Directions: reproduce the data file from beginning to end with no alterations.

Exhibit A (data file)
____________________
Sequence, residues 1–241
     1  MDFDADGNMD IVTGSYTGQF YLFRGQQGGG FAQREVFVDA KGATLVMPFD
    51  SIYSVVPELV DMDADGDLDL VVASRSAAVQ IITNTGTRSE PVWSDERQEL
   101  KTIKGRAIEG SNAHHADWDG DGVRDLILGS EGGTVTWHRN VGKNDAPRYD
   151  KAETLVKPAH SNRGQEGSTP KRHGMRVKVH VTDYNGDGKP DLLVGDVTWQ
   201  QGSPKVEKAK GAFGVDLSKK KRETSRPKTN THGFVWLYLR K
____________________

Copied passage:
Sequence, residues 1–241
     1  MDFDADGNMD IVTGSYTGQF YLFRGQQGGG FAQREVFVDA KGATLVMPFD
    51  SIYSVVPELV DMDADGDLDL VVASRSAAVQ IITNTGTRSE PVWSDERQEL
   101  KTIKGRAIEG SNAHHADWDG DGVRDLILGS EGGTVTWHRN VGKNDAPRYD
   151  KAETLVKPAH SNRGQEGSTP KRHGMRVKVH VTDYNGDGKP DLLVGDVTWQ
   201  QGSPKVEKAK GAFGVDLSKK KRETSRPKTN THGFVWLYLR K